A parallel circuit is one of the two basic types of electric circuit that can be found in electrical devices. "Circuit" refers to the total path of an electric current, or flow of electrical energy, and includes devices such as resistors, which control the flow of voltage, or difference in electrical charge, and capacitors, which store electrical charge. Circuits fall into one of two categories: series or parallel. In a series circuit, all the components of the circuit are lined up in a single path so that the current flows through each component in order.
In a parallel circuit, however, there are multiple pathways between the circuit’s beginning and end. As a result, since the current has more than one route to take, the circuit can still function if one path fails. This makes parallel circuits much more fail-resistant than series circuits which is why parallel circuits are common in everyday applications, such as household wiring. Regardless of how many different paths the circuit has, the total voltage stays the same, and all components of the circuit share the same common points. This set of common points is known as electrically common points. Every parallel circuit has two sets of them.
One thing to consider about parallel circuits is the current load that they carry. When a circuit has multiple paths for current, the circuit's total effective resistance drops. Since the voltage is equal to the current multiplied by the resistance — known as Ohm’s law, named for German physicist Georg Ohm — and the voltage does not change, this means the current has to increase. Thus, the more paths that a circuit has, the greater the current flow across each path will effectively become. This can lead to damage to the circuit or external equipment, which is why excessive use of outlet extenders or multi-plug inserts is considered hazardous. Parallel circuits are found in virtually all complex electrical devices. Many devices use both series and parallel circuits in conjoined and stand-alone configurations.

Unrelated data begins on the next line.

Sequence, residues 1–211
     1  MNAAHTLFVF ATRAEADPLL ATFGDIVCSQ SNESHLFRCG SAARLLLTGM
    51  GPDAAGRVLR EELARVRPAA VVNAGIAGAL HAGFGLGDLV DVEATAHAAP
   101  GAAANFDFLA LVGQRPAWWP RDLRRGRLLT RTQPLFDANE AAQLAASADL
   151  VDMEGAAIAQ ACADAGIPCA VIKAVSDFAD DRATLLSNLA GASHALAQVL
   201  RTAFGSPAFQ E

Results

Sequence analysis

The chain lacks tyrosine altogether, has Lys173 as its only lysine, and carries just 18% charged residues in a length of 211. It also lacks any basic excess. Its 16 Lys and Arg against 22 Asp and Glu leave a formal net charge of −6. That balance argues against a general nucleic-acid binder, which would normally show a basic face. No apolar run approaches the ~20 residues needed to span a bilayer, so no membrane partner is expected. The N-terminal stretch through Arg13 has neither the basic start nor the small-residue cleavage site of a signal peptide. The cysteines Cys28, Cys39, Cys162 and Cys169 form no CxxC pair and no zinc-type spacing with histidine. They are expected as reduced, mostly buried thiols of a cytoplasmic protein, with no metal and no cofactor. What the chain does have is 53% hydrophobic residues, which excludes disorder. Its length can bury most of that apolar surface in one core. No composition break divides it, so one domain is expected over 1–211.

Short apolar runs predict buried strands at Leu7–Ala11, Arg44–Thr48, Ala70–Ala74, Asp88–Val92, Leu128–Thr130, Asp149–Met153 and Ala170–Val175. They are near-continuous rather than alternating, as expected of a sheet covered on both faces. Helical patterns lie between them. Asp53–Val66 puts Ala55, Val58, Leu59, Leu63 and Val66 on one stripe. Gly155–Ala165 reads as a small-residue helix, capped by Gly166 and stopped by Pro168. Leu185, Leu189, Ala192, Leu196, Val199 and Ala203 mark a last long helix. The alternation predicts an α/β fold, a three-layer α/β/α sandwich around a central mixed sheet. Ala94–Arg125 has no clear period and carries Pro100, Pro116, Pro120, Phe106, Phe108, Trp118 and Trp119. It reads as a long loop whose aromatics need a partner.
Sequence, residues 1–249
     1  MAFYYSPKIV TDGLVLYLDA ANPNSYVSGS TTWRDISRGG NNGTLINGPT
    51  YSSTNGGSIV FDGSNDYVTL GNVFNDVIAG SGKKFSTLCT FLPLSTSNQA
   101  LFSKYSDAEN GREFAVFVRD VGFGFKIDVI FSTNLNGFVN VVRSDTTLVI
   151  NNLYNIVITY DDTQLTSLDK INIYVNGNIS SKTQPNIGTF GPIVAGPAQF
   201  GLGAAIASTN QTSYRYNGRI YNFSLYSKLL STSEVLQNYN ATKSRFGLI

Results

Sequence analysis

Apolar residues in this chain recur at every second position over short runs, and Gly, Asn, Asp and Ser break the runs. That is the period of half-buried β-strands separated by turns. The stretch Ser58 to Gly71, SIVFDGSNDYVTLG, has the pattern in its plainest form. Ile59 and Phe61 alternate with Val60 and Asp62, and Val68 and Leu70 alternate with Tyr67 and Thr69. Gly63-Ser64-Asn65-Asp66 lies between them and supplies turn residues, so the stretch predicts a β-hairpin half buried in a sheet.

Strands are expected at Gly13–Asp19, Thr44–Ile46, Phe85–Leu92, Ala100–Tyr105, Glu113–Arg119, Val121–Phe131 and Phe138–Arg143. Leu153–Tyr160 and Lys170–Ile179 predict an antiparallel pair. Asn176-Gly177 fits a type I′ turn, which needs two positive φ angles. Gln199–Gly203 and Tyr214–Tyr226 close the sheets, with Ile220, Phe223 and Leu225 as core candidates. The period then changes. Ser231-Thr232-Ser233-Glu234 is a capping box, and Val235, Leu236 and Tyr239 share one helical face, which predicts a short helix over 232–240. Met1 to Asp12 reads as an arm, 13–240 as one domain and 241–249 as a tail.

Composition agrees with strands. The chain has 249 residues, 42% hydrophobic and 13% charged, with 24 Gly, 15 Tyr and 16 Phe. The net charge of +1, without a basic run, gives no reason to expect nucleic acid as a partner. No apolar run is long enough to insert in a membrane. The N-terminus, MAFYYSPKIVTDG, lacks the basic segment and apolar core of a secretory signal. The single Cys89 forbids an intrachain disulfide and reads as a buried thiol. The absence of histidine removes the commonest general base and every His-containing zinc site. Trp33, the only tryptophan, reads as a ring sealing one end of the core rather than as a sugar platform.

Another aspect of parallel circuits to keep in mind is that such circuits must be measured differently than series circuits. For example, when testing a parallel circuit using a voltmeter or multimeter, which tests multiple measurements, the multimeter must be connected in parallel to properly measure the voltage. Multiple branches means the load is distributed over more than one path, and measuring only one path will not present the full picture. If this isn’t done correctly, the measurement will be faulty, and the circuit may incorrectly be judged defective.